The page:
On December 7, 1942, the twins were sworn into the U.S. Naval Reserve in Houston, Texas, for the duration of the war. They became the first identical twins in the WAVES. Upon completion of basic training and clerical classes the twins posed for photos to be used on official navy recruiting posters. The twins then received orders to report to Naval Intelligence in Washington, D.C., with assignments to work in the cryptanalysis and decryption department.
At the time, naval intelligence was involved in an effort to break the top secret Japanese Magic and Purple codes. Lorraine and Isabelle were assigned to work with the Navajo code after accepting a top secret clearance. The twins worked with a Navajo code talker who would take messages in code for the twins to type in English.
At times one of the twins would perform extra duty working on the Japanese Purple code using a special keyboard that was part of the decryption process. Due to nature of the work, the twins never learned much about other personnel they worked with. One of the civilian cryptologists who worked across the hall had translated a message on December 6 that warned of a Japanese attack on Honolulu but was dismissed as unimportant by her superior officer.
The twins stayed in the navy until they both married men in the service. Isabelle died in 1987. Lorraine lives in central Texas. She still has her top secret identification card, which she will show with pride. “It was an honor for my sister and I to have served.”
Gert R. Ording
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A few weeks ago, while looking through old family photos, my mother-in-law came across a photo of her father, Joe Tetrault, with a little black cocker spaniel named Scrappy. The photo was taken in the spring of 1945 during a Presidential Citation Medal awards ceremony aboard the USS Enterprise. It turns out that Scrappy had somehow managed to become the unofficial mascot of the Enterprise. Grandpa Joe, as he was known to me, had slipped the dog onboard the ship during his tour of duty on the USS Enterprise in World War II. Grandpa Joe could be a sneaky one so this really didn‘t surprise me. That cocker spaniel “served” almost 4 years on board that ship! He was totally devoted to Grandpa.
During the ceremony, Scrappy laid at Grandpa Joe’s feet not moving an inch, which was a good thing too because Grandpa Joe had on his dress uniform! My mother in-law is happy that she found the picture. Grandpa passed away in 1999. He and his WWII stories are deeply missed!
I was born in 1953, so I listened to my dad and uncle’s stories about World War II and the real “tough guys.”
However, this past year I lost my heroes. When my father passed, Mom gave me a map he had when he was in the U.S. Navy. I never saw it before, but he had it from the time he left the United States to the D-Day invasion at Omaha Beach. Every day is on it, right up to the big day.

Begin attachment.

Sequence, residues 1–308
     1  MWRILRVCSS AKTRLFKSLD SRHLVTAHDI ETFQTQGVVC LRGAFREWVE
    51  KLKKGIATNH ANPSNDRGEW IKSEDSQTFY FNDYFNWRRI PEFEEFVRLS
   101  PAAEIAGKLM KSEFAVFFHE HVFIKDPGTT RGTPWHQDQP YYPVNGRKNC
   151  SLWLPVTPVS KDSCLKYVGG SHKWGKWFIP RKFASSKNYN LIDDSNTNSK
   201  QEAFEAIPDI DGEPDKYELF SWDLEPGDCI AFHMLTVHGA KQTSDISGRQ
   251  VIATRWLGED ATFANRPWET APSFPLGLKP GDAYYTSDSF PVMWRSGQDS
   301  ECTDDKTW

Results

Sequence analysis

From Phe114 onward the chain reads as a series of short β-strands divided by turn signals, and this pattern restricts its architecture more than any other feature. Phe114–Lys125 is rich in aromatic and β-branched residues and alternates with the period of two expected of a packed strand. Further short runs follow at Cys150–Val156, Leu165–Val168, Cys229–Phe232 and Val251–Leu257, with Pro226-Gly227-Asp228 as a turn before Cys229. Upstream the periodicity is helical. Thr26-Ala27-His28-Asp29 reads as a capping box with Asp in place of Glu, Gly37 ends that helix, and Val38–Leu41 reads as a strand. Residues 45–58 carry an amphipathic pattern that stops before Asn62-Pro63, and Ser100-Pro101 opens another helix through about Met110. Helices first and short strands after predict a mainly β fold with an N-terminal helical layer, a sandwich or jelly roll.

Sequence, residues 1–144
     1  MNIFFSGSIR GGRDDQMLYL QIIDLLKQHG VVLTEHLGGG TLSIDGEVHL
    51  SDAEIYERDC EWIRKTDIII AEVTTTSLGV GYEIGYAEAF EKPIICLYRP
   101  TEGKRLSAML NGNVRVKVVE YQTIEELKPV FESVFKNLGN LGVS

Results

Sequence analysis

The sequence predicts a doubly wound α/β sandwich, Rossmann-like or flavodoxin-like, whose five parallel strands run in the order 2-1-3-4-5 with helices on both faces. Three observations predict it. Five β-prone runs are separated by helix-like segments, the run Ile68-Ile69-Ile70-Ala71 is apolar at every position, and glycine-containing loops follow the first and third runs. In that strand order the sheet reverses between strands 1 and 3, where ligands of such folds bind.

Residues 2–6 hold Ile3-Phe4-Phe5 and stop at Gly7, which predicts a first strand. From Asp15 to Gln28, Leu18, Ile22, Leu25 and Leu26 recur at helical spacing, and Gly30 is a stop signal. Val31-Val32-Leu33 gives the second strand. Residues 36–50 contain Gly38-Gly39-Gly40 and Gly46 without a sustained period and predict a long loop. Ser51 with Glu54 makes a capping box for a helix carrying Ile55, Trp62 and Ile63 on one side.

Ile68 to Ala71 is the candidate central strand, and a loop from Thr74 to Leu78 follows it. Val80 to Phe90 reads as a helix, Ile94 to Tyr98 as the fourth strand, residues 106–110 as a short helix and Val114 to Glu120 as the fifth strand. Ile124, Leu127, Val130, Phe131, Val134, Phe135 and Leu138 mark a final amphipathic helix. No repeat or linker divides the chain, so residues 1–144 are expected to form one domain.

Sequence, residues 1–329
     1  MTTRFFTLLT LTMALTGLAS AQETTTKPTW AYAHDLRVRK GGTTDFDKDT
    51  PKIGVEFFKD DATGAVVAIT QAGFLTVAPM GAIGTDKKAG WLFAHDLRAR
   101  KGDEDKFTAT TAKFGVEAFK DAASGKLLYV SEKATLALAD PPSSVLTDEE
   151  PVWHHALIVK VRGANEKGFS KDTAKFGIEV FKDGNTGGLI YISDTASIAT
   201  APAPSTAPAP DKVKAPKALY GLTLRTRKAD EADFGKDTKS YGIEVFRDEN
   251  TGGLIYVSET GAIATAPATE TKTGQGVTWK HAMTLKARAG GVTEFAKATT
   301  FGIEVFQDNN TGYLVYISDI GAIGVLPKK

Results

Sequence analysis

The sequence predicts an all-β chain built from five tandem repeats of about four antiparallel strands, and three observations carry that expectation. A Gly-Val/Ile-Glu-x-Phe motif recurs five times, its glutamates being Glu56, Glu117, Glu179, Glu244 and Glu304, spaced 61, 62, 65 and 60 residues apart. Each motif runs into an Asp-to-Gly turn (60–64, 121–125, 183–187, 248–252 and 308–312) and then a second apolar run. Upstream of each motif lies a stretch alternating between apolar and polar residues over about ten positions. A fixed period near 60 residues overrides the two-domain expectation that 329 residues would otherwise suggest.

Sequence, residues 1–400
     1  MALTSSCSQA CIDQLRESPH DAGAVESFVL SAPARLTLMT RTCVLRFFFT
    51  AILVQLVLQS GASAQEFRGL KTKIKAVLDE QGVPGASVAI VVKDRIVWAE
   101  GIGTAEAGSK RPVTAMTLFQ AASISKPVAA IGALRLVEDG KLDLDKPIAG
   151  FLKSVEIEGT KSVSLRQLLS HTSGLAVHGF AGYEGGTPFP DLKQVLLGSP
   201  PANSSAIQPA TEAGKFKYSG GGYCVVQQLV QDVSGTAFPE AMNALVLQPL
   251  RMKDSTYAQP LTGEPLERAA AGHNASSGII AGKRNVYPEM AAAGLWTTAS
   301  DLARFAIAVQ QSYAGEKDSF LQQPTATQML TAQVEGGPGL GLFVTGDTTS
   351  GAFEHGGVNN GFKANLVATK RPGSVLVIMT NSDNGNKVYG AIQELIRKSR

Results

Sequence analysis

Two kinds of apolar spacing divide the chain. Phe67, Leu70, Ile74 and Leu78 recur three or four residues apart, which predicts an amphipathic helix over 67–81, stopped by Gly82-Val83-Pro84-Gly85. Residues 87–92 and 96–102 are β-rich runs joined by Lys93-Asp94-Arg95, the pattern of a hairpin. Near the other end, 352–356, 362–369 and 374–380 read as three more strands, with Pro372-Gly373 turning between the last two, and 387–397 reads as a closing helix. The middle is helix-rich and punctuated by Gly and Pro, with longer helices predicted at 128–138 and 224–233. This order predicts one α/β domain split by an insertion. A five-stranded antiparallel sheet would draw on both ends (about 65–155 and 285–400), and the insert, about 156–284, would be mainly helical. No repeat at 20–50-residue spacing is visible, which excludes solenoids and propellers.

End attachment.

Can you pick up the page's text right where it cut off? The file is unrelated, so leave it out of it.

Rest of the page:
When my uncle passed I got another treasure. A 101st Airborne Screaming Eagle patch he wore at Bastogne. He was fortunate to survive there, despite the Nazis throwing everything they had at them.
So to me, the members of this generation are my all-time “tough guys.” I can’t imagine either one of those ordeals today–going onto Omaha Beach or holding onto Bastogne.
My father never talked about his war experiences until a few years ago when the History channel aired a program about Peleliu. After that show, he shared some of his experiences on that island with us.
George Dietrich Jr. was a member of the 5th Marines, 1st Division who fought on Peleliu. Their first assignment was to secure the airfield. The men were told it would take a total of two or three days to capture the island. It actually took 10 weeks. On the first night they crossed the island to the airfield and dug in. Seven Japanese tanks passed onto the airfield, but they were stopped by the marines. The next day the airfield was secured, and marines continued on to their next mission. They went up into the mountains, were driven back twice, and finally captured the hill on the third try. On day seven, they were replaced and given a hot meal on the beach.
Because Peleliu is not far from the Equator, the heat was intense and 50-gallon diesel drums filled with water were distributed. George drank from puddles after witnessing the men in his squad becoming ill from drinking water tainted with fuel.
With their area secured, they chased the fleeing Japanese across a narrow strip of water to the neighboring island of Nicasemus. As his squad reached the far side of the island, George came over a hill leading down to the beach. Suddenly, the enemy stood up in the water and shot him in the leg. When the battle began, there were 21 men in his squad, and only 3 were left when George was wounded. He was transported to a hospital ship where doctors want to amputate his leg. George refused, and after a year in a hospital in Idaho, he made a full recovery.
New Brighton, Pennsylvania
Click here to read Rick Atkinson’s take on how the study of World War II history will change when those who lived it can no longer tell their stories.